Men need to be able to be affectionate, caring, compassionate and also be able to receive affection, care and compassion from other men to be complete. Nurturing is fundamental to building stronger societies and having, expressing and acting on empathetic feelings for those that have less power is key for progress.

Characters who traverse the threshold to start the Hero’s Journey begin their transformation. Heroes became more complete and complex people through the trials, failures and experiences that they face along the way. Din Djarin was an adult man at the beginning of the show, but adulthood doesn’t mean completeness. 

Din was long denied the affection of others, through the loss of his parents and adoption into a culture and Creed which restricted emotional sharing and connection; the Mandalorians were already a pretty regimented and severe people, but by 9 ABY they’ve been Imperially traumatized into a stoic survivalist strategy. Mando never takes off his helmet, which means that he can’t share his emotions –or even physical signs of basic needs, like hunger or pain– with anyone.

Men have also been closed off from being able to express emotions and affection. One recent example was the public reaction to a picture of Joe Biden kissing his own son, Hunter, in the cheek. It was striking to see men realizing that they had missed out on displays of affection from their own fathers, who were absent, or never able to express affection to their sons. Nurturing is fundamental to growing and to build a better future. We need nurturing men.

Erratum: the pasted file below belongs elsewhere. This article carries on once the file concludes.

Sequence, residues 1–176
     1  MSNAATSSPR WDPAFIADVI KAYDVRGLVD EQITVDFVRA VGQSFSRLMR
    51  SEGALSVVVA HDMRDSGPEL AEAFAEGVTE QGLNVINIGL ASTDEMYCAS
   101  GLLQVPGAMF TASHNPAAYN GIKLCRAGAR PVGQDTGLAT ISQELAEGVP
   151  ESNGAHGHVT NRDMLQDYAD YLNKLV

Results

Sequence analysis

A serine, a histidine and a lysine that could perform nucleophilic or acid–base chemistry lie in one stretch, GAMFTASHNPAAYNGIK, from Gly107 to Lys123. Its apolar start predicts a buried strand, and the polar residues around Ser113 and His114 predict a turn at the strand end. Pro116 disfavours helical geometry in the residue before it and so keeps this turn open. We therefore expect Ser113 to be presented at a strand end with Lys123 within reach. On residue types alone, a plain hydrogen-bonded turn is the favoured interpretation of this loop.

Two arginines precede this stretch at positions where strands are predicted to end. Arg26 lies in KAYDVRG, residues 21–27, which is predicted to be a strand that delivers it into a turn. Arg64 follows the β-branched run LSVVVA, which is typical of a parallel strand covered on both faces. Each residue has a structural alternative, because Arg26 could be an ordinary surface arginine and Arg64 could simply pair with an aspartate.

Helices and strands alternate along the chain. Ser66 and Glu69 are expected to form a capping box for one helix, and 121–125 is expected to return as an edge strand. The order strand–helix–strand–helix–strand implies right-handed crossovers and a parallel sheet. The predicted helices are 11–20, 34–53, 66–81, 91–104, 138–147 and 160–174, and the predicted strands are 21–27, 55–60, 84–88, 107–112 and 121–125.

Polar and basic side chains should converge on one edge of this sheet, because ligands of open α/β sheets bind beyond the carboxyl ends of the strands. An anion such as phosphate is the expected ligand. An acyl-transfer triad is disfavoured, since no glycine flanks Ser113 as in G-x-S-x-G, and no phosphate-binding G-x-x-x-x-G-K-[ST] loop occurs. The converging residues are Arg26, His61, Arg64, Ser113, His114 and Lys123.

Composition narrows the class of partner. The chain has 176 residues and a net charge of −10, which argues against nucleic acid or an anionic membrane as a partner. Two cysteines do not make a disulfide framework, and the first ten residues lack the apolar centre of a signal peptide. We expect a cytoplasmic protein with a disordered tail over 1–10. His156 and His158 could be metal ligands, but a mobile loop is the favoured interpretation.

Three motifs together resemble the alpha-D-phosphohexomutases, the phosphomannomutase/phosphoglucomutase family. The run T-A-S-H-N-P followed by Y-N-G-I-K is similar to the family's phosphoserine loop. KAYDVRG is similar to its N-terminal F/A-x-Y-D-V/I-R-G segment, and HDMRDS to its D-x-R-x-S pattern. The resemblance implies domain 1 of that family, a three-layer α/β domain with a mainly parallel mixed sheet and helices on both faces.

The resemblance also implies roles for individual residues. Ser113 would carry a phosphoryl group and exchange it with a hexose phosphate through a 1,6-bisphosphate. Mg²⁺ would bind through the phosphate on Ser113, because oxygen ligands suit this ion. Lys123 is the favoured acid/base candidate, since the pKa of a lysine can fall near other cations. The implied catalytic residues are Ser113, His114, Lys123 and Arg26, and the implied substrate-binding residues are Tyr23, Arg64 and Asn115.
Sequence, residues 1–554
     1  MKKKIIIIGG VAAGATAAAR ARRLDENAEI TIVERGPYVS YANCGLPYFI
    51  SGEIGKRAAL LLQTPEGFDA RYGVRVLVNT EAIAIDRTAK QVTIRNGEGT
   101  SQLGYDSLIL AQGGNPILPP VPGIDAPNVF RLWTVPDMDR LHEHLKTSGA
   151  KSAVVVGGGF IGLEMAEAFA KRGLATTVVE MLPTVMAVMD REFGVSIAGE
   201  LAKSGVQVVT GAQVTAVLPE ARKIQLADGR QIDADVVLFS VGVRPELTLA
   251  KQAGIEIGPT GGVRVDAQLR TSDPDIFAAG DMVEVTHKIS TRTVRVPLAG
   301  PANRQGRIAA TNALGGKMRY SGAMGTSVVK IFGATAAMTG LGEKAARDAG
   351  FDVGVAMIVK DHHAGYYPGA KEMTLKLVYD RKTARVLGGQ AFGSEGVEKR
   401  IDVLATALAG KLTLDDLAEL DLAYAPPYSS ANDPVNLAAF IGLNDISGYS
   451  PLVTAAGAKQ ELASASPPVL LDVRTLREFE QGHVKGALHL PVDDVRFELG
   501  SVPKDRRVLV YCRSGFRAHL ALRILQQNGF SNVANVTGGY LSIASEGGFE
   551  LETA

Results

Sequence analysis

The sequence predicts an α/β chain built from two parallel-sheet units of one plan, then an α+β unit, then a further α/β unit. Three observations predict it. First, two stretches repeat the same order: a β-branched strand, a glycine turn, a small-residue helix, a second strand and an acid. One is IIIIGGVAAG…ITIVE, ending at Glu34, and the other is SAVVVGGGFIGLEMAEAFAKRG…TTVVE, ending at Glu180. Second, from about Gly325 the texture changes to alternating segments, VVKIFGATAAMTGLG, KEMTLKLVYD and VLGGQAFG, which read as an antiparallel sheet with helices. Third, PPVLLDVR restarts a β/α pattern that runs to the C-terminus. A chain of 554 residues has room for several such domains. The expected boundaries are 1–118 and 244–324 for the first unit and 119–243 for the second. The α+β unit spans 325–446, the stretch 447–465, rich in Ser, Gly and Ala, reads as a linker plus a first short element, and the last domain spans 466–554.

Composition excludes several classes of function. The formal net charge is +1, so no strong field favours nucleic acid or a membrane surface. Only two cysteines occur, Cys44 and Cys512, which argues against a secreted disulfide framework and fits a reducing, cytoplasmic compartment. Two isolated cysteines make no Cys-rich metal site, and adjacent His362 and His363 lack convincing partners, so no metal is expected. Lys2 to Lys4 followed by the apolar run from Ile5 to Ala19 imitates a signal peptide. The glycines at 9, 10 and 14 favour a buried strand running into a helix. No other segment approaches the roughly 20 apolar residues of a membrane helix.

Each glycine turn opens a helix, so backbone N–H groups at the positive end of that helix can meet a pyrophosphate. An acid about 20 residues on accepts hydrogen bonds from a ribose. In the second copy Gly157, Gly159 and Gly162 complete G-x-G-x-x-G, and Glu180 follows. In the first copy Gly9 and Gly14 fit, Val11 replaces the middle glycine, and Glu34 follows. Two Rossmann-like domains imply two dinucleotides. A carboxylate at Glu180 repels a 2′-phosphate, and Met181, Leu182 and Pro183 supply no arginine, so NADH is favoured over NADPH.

Stories give us a chance to explore things long denied to us. Hero-dads are male protagonists who become fathers and which allows to frame men within a male-centric nurturing narrative that is culturally acceptable and which allows them to express traits typically perceived as masculine.

This is a male nurturing fantasy coming through in our fiction, in shows, books, movies and video games, and it is deeply appealing because of how rare it has been for generations of men to experience positive nurturing experiences from their own fathers, who were culturally praised for being emotionally or physically unavailable. 

The counterpart of the male nurturing fantasy is the female power fantasy, or the desire of women characters to be powerful and find fulfilling romance. 

Both of these fantasies emerge from ¡widespread, natural and unfulfilled cultural desires. In the case of the male nurturing fantasy, this fantasy is establishing a wholesome, constructive relationship with the younglings, something that has been rare in the real world. It manifests through fiction that presents “mucho macho” characters succeeding in this nurturing role without losing any clout or masculine power.